I saw this from the outset as an opportunity to communicate effectively with the WI .We now need to do it with the general public. Given that we are less than 60 per cent self sufficient in food production as a country, and that this is likely to drop to nearer 50 per cent in the future, we must continue to tackle myths about livestock farming, engaging in the debate about how British farming and British farmers can meet the food production challenge.

We must get the message across that we will continue, regardless of scale, to work to world class welfare and environmental standards, delivering a whole range of high quality, affordable food to the British consumer.

Over the last week or so, the importance of good communication has been highlighted in that a BBC survey showed that there is still a majority in this country against a badger cull.

The survey of 1,000 people revealed that two thirds were against, and that the percentages were the same both in town and country. Given that the focus of the questions were on culling badgers rather than tackling the disease, and that there was no scientific background given, I am encouraged that a third of all the people surveyed reacted positively.

It does show how much more we all have to do in order to get the facts and the real message across, but it is moving in the right direction as more and more people realise that this terrible disease cannot be allowed to spread across the rest of the country.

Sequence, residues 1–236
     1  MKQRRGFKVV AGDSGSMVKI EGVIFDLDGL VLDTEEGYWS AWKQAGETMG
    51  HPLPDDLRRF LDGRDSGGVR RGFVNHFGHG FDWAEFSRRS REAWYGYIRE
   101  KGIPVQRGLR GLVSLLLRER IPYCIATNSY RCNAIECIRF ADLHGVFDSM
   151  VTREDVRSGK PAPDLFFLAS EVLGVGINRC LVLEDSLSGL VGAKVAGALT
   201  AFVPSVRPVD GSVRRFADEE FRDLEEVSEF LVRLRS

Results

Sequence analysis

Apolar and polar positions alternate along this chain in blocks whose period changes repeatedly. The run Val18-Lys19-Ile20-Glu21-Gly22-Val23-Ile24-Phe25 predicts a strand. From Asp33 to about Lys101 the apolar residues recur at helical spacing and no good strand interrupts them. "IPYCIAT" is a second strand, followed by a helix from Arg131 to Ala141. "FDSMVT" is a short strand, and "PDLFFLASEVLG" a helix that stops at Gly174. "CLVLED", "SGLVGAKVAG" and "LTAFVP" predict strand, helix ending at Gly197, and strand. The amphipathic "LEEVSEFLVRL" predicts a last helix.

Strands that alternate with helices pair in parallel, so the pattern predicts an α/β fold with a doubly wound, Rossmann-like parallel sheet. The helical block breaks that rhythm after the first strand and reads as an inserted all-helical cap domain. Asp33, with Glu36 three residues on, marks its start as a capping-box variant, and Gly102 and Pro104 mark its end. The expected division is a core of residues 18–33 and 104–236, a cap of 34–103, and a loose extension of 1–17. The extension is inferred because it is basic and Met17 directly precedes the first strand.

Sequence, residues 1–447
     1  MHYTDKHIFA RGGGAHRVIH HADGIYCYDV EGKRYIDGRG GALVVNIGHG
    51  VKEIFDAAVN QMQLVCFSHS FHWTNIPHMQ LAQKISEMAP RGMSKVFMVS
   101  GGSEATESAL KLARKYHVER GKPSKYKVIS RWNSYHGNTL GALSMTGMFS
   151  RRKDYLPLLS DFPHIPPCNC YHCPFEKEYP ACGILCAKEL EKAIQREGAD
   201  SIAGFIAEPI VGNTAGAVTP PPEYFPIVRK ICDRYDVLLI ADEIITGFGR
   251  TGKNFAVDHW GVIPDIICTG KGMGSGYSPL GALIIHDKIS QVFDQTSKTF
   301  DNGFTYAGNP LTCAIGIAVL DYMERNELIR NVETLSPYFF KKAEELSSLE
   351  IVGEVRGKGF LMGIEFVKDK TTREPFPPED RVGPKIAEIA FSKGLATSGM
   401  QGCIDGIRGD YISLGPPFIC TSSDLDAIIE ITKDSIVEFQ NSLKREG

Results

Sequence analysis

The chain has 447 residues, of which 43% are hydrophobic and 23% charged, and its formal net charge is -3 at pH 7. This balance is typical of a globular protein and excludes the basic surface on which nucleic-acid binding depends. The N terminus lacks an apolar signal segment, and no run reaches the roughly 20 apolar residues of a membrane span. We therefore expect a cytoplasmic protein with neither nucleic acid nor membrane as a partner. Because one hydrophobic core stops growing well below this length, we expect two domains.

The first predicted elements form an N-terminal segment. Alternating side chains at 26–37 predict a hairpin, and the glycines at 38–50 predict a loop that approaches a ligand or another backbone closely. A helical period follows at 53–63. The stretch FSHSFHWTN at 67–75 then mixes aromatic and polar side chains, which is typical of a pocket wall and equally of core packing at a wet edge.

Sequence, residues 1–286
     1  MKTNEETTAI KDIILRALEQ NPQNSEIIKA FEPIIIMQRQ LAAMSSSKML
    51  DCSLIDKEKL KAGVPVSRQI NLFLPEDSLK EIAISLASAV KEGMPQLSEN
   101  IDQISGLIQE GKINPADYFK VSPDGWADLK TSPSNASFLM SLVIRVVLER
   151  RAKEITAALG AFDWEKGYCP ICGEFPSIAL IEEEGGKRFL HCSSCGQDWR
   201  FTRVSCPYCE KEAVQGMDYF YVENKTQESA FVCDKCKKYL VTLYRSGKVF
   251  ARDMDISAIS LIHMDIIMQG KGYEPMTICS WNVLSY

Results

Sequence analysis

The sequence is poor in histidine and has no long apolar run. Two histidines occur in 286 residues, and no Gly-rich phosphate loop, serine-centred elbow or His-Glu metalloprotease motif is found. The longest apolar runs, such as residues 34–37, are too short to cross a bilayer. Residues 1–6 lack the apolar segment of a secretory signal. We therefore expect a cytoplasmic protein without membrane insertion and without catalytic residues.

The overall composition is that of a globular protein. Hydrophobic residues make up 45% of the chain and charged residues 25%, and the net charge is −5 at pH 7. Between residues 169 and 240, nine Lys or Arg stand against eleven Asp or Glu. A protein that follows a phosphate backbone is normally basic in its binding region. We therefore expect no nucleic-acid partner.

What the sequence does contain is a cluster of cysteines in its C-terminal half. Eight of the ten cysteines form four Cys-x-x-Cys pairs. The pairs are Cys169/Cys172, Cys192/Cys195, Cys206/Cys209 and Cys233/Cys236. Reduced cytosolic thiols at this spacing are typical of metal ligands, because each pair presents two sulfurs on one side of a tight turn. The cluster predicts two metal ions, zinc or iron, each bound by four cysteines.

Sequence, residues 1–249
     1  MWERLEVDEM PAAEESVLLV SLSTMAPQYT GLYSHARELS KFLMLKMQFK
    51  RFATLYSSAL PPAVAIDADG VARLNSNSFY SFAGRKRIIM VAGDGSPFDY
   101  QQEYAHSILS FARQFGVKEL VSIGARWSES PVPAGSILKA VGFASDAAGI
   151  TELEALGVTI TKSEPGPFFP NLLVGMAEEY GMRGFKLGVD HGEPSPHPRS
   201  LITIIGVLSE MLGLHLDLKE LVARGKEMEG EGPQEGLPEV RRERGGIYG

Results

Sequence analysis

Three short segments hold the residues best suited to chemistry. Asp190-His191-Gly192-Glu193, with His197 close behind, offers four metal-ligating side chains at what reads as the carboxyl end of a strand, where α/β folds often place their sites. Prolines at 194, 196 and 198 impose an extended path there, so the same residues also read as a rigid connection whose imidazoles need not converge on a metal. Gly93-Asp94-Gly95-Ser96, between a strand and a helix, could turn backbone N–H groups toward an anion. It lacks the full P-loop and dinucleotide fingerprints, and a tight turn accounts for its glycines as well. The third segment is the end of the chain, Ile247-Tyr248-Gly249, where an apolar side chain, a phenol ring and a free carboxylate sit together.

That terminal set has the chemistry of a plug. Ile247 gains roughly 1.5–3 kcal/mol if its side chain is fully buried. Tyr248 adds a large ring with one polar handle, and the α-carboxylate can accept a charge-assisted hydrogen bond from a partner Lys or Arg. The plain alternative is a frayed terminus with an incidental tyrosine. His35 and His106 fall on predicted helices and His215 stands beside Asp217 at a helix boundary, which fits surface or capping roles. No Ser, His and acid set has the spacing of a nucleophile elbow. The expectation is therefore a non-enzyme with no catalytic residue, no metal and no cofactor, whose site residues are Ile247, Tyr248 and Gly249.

Natural England’s figures have revealed that more land than ever before is now helping to halt the decline in farmland bird population. 375,000 acres of land are now providing vital winter food and wildlife habitats. This is done largely through the environmental stewardship schemes which now involve 57,000 farmers in England. Farmers of course do a lot more for wildlife, which is unrecorded, but benefits everyone.

The recent Natural Environment White paper published by Defra last week is another sign that things are at last getting on the right track.

As farmers we have been bombarded with accusations of environmental degradation over the years, and now at last we see food production taking its rightful place.

It has always been about balance, with farmers reacting in the past to government signals, only to be castigated for damage done as environment took priority over food production once everyone had plentiful supply of top quality affordable food.

Now that we are importing almost half the food we eat in a fast changing and increasingly unstable world, food production matters.

Let’s be clear, This White paper is not about producing less in order to impact less, it’s about producing more while impacting less. 

The food security challenge demands that we produce more; even on this tiny island we need to play our part. The White Paper acknowledges that. It explicitly talks about the Government’s goal of increasing food production.

And it talks about bringing government, industry and environmental players together to work out how we can do that at the same time as improving the environment. That’s a great step forward, and I look forward to being part of it.

As farmers we’re completely reliant on the quality of our soils and plentiful and clean water supplies. If we don’t have those we can’t farm, it’s as simple as that.

But if the recent Foresight Report into food and farming tells us anything it’s that a healthy environment is just one part of the story. Protecting and enhancing it must not be at the expense of food production, and sometimes that will mean difficult trade-offs.